Organ donors who have saved lives through the gift of organ donation have been posthumously honoured at a moving award in Cardiff.

The families received the Order of St John Award for Organ Donation, run in conjunction with NHS Blood and Transplant for a decade, which was given to their families and loved ones on their behalf at a private award ceremony.

People honoured at the ceremony include :


Nicholas Bevan, 20 from Swansea. The award was accepted on his behalf by his family – Mum Caroline, Dad Mike and sisters Bethan and Ffion.

Nicky (Nicholas) Bevan

Caroline said “Our beautiful son Nicky was just starting his adult life age 20, when tragedy struck. Our world was rocked and our lives changed forever. Nicky was an incredible musician and the drummer of the Swansea based band, The Stray Pursuit. He was in the 2nd year of his engineering apprenticeship and should be celebrating his 21st birthday, alongside his graduation, in July this year. He is an adored son, cherished grandson, idolised big brother and a very special friend to so many.

“We didn’t really talk about organ donation, although we all knew each other’s values. My Dad donated his organs and tissues 14 years ago and we were so very proud of him for doing this. He also passed very suddenly but this organ donation talk had taken place  between him and my mum, as they were obviously a lot older than Nicky and we were so grateful to receive letters of how children had been helped from his tissue donation. So, as much as we didn’t have this chat with Nicky as we just didn’t ever expect anything like this to happen, we knew that this is definitely what Nicky would have wanted. His Bampa was his hero, and he was so proud of him. Nicky would have wanted to do the same.

“Nicky donated 5 organs and we know that 4 were used for organ donation. We received a letter ( in a letter ) letting us know  that Nicky’s heart, liver and both kidneys had saved 4 people’s lives. We often wonder how they are and hope they are doing well. I hope that one day we may receive a letter from them or maybe we even meet.

Nicky drumming

“The order of St John award ceremony in Cardiff was such an emotional day but one of the most important days of our lives. To see our sons name on that certificate just broke us, but also made us feel so proud of our boy for giving the biggest gift of all. There were staff at the ceremony who were actually with Nicky in ITU and came up to us after the service. They remembered us, they remembered Nicky, and they even remembered our names. That felt so special. They hugged us and chatted about our beautiful boy. They really are an incredible team. Every second of every day we wish we had our beautiful boy back, but to know he saved the lives of others is a huge comfort to us.”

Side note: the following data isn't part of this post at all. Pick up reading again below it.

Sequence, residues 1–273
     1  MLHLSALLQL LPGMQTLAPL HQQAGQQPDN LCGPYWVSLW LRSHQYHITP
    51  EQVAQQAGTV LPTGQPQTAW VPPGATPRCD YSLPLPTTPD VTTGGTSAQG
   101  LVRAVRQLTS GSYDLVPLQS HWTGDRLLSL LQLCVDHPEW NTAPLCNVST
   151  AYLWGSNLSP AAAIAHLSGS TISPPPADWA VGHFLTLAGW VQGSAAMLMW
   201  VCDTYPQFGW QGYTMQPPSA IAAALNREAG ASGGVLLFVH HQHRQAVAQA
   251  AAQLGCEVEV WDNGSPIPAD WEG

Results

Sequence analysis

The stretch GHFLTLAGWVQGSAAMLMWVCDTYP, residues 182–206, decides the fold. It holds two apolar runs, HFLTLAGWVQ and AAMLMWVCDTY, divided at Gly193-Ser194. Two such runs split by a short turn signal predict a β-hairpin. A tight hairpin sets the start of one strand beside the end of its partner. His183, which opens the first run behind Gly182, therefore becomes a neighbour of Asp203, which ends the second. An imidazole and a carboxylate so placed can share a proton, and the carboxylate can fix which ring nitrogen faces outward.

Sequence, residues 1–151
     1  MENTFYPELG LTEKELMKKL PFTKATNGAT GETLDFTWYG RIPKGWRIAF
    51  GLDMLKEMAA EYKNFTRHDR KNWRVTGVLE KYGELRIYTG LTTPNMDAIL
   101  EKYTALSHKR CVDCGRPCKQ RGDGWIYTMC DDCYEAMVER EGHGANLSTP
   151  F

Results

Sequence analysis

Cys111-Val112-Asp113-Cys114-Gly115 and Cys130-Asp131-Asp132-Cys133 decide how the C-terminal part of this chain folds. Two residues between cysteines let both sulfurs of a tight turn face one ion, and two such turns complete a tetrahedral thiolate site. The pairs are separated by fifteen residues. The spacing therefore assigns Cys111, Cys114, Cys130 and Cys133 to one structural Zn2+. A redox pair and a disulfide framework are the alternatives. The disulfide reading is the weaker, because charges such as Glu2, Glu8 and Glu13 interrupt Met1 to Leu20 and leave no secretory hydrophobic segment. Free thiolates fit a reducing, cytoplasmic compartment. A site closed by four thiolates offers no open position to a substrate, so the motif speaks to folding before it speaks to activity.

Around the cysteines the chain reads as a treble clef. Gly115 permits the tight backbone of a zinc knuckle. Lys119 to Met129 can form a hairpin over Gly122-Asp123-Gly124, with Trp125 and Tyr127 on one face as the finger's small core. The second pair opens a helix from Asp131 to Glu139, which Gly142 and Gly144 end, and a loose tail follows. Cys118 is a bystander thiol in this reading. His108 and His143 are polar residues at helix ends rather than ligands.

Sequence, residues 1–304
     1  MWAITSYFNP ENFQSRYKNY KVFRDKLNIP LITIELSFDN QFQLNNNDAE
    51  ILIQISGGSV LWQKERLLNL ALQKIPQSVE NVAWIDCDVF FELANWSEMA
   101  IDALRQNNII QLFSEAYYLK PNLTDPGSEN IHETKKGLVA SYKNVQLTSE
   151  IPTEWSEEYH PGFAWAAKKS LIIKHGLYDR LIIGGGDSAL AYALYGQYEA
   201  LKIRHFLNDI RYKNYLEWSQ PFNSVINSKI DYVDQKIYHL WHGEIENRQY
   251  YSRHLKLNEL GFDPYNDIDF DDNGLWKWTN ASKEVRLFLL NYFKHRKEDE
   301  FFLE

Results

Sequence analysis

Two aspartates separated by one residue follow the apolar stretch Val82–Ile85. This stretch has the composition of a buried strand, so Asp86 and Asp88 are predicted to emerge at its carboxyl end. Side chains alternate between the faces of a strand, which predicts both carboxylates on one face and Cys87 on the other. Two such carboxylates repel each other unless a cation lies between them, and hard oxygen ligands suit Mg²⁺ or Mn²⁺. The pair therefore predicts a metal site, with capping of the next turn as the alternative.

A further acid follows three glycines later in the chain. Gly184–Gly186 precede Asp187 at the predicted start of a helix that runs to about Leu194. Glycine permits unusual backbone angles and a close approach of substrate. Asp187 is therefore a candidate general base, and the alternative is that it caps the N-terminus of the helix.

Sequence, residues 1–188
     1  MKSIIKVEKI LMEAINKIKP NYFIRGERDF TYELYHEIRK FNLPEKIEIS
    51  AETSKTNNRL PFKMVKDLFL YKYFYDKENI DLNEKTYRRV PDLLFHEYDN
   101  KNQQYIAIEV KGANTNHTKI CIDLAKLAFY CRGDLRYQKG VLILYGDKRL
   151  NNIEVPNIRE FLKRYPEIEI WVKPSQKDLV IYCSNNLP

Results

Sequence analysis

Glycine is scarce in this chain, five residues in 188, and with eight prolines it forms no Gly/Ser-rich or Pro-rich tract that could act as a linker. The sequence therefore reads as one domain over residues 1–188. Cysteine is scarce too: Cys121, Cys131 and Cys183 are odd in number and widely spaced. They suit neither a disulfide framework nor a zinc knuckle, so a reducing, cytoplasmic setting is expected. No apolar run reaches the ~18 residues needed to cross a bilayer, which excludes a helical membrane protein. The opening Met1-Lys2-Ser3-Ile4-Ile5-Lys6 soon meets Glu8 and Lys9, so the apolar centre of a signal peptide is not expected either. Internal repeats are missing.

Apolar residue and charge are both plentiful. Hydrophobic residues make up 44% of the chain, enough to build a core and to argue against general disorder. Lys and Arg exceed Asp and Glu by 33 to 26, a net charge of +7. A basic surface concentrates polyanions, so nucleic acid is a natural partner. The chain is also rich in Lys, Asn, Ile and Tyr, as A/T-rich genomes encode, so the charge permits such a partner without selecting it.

Nicky’s family are pictured above receiving the award on his behalf


Michael Craig Morgan, 27, from Swansea. The award was accepted on his behalf by his mother Claire Mary Morrison.

Michael Craig Morgan

Claire said “When Michael passed his driving test we talked about Organ donation and from his point of view it was no question. He wanted to join the register and when we were asked about organ donation, we agreed without hesitation. Michael’s donation also encouraged all the family to join the register too.

“Michael helped eight people through his donation. His liver and both kidneys helped three people and his eye tissue has also helped help five people.

Michael’s family accepting the award

“Receiving the award on behalf of Michael was an honour and the ceremony was really lovely. He never won anything in his life but he was a kind generous happy boy who would give you his last penny. He always saw the good in people and always had a smile on his face. I am beyond proud of him and I will never tire of telling people that.”


Sian Platt, 62, from Cardiff. The award was accepted on her behalf by her daughters Sarah and Charlotte.

Sian Platt